My Monaco technical review is now on Automoto365.com. with all the details of he developments from the weekend; Redbulls blown rear wing, Virgins updates, Ferraris winglet and other details from up and down the pitlane
At the start of the Monaco Race, McLaren had a rare engine failure. This was not a problem with the engine itself, but caused by a procedural problem on the grid.
Before setting off for the grid the car is warmed up in the garage and the driver often completes several laps, cutting through the pit lane before finally parking on the grid. By this time the car is fully up to temperature and needs fans to keep the car cool. In the case of the engines radiators and oil coolers, this takes the form of fans inserted into the sidepod inlets. Fans pass cooling air through the radiator cores to cool the engines fluids.
For McLaren their sidepod fans comprise several parts, an external fan which feeds into convoluted tubing to a carbon fibre duct, this has the option of a tray of frozen nitrogen being inserted into it to further reduce temperatures. This then is inserted into a rigid foam block that is squeezed tightly into the sidepod inlet itself. Other teams have electrical fans fitted into similar carbon mouldings, these are all in one piece and when removed nothing can be left behind.
What happened to McLaren in Monaco, and this was partly shown by the FIA TV feed, that the mechanics withdrew the ducts and tubing, but on one side the foam black was left stuffed in the sidepod inlet. This was obviously missed by the mechanics, but was brought to their attention by the BBC TV pit lane reporter Ted Kravitz. By then it was too late and the car had to complete the formation lap and start the race with the block still in. The team were obviously anxious, but the block does have a hole through it, so some cooling airflow was getting through. With the safety car deployed on the opening lap and the pit lane closed, Button had no choice but to circulate a low speed, with the engines temperature slowly rising until steam could be seen spewing from the sidepod.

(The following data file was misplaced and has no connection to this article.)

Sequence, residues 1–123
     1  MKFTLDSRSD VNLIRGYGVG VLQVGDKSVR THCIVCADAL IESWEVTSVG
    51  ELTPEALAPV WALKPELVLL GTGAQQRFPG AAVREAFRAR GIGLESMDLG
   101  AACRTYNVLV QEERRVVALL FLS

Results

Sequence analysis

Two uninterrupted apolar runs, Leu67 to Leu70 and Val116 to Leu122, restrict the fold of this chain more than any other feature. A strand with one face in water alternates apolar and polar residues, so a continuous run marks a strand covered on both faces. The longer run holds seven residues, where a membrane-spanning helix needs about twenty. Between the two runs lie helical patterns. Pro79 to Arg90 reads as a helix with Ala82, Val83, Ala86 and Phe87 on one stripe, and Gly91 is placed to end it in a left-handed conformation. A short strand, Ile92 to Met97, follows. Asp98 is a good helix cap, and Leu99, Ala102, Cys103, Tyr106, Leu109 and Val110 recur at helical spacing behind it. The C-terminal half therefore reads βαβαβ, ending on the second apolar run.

Although this was a rare error, as the car has these fans fitted when it pits during testing and free practice. One still wonders if McLaren will revert to a one piece design or tighten up the grid procedure to prevent another similar situation arising at future races.
So while wheelbase is not a primary factor in rounding tight turns, then what is? Steering lock accounts for most of the solution, only Loews at Monaco (the tightest turn in F1) and La Source are turns where the driver has to turn the wheel beyond half a lock. Drivers sometimes having to remove one hand from the wheel, to get enough clearance for their crossed arms. If the front wheels can turn enough then the car will get around a tight turn, of course a longer wheelbase car will need slightly more lock for the same turn a short wheelbase car. To allow the front wheels to steer enough a few mechanical alterations are required. Firstly the steering racks can be altered with a different ratio to the rack and pinion. But more commonly the outboard end of the track rod is brought closer to the uprights kingpin (steering) axis, resulting in more ‘steer’ for the same rack displacement. This can bring an extra 5-degrees of steering angle. To allow a power steering system to have a longer stroke, the teams need to alter the pistons that assist the rack in moving, by also making them longer. Then at the outboard end of the wishbone, the pivot bearing should have enough freedom to steer the wheel through the required angle, but clearance between the wheel and the wishbone often requires the wishbones to be altered. This is normally just a notch moulded in the rear leg of the upper wishbone. Teams do also fit more robust wishbones for brushing the Armco, as well as tougher drive shafts. Although the latter is as much about accelerating over bumpy surfaces, than the side thrust from a wheel touching the barrier.
So who ever goes well at this weekends GP, will be as a result of a mechanical set up and downforce that are matched to the tyres. How long their wheelbase is not going to be the deciding factor. Although who actually wins may be as much down to luck as any set up parameter!